August 12, 2015 | Industry Insights
New Rules for Ground Transport of Lithium Battery In Effect
New regulations covering the safe shipment of lithium batteries went into effect beginning August 7, 2015, after being pushed back by six months to allow the industry enough time to adjust to the new requirements. Ruling HM-224F, set by the U.S. Department of Transportation’s Pipeline and Hazardous Materials Safety Administration (PHMSA), requires shippers moving lithium batteries by ground to meet specific package marking and hazard communication documentation standards.
The new regulations require that packages containing fewer than 24 cells or fewer than 12 batteries to have a hazard mark or special documentation when being shipped by ground in the same way they have been prepared for air shipment. In the past, shipments of up to 12 “small” batteries (or 24 cells) were exempt from these regulations. Most lithium batteries are now considered as Class 9 hazardous materials when transported by ground transportation, which makes them more closely aligned with the IATA Dangerous Goods Regulations.
Lithium batteries offer high performance in a wide range of products, and can pose serious hazards if not packed and handled safely when transported. Both metal and ion flavors of lithium are highly flammable and can easily ignite as a result of exposure to a heat source when carried in cargo holds. The ruling is designed to better ensure that lithium cells and batteries are able to withstand normal transportation conditions and are packaged to reduce the possibility of damage that could lead to an unsafe situation, according to Chicago-based Labelmaster, which provides regulatory information and products focused on the transportation of hazardous materials, and was quoted in article appearing in American Shipper.
The new rule also helps to standardize the way in which lithium batteries and equipment powered by such batteries are shipped. Ground shipments in the past were under one set of requirements while air shipments were held to a more stringent set of standards. Under the new rules, most companies will be able to standardize their shipping process. The rules apply whether lithium batteries are shipped into, out of, or through the United States (including those shipped to or from Canada) and transgressions can result in a company’s lithium battery shipments being delayed, returned or even subject to fines.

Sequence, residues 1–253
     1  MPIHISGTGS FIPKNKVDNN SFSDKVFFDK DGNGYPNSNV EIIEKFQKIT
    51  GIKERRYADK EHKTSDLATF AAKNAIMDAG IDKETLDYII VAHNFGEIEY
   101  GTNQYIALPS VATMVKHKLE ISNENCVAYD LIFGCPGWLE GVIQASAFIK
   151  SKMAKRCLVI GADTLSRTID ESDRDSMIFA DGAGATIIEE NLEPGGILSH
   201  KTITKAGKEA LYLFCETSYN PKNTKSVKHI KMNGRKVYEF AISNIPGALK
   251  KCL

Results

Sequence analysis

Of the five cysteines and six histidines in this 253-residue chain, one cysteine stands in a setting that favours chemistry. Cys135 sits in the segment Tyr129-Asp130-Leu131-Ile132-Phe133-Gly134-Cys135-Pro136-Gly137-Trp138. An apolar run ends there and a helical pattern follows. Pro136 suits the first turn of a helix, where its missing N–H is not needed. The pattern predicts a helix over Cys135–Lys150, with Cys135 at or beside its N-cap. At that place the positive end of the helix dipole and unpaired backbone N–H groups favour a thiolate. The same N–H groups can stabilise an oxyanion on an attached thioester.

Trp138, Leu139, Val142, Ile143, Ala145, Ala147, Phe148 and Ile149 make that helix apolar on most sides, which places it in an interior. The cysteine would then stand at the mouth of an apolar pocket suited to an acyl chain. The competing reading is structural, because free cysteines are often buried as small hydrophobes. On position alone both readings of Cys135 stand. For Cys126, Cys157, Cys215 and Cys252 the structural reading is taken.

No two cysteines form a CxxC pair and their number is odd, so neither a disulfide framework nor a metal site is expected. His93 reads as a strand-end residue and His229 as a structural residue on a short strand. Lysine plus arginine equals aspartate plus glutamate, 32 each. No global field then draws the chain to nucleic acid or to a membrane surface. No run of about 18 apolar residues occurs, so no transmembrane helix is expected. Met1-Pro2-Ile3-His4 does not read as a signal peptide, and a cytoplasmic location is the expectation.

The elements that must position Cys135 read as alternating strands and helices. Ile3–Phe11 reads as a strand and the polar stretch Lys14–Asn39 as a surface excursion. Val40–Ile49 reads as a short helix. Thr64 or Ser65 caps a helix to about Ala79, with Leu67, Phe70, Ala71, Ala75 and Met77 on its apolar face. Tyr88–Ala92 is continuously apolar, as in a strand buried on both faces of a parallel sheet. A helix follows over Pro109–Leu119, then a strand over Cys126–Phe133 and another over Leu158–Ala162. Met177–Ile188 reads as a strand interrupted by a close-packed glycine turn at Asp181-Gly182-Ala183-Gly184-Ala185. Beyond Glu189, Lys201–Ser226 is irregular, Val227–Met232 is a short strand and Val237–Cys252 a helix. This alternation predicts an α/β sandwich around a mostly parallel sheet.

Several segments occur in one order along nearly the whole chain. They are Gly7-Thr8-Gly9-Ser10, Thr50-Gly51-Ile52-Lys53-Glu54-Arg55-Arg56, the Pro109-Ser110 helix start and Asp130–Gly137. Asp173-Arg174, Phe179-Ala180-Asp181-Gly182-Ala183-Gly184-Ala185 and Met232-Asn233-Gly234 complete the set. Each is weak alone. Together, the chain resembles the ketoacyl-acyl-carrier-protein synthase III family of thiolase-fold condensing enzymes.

It must be noted that air transport still has the most stringent rules regarding lithium battery shipment, due primarily to findings by the Federal Aviation Administration (FAA) that even existing Halon fire suppression systems could not extinguish lithium-initiated fires. As of January 1, 2015, lithium metal batteries packed by themselves (not contained in or packed with equipment) are banned for transport as cargo on passenger aircraft.
Roanoke Trade specializes in providing insurance solutions to logistics service providers and transportation intermediaries including Cargo insurance. We will continually keep you updated on new regulations as they affect your operation and potentially your exposure to risk. For more information about our products, contact one of our specialists at 1-800-ROANOKE (800-762-6653).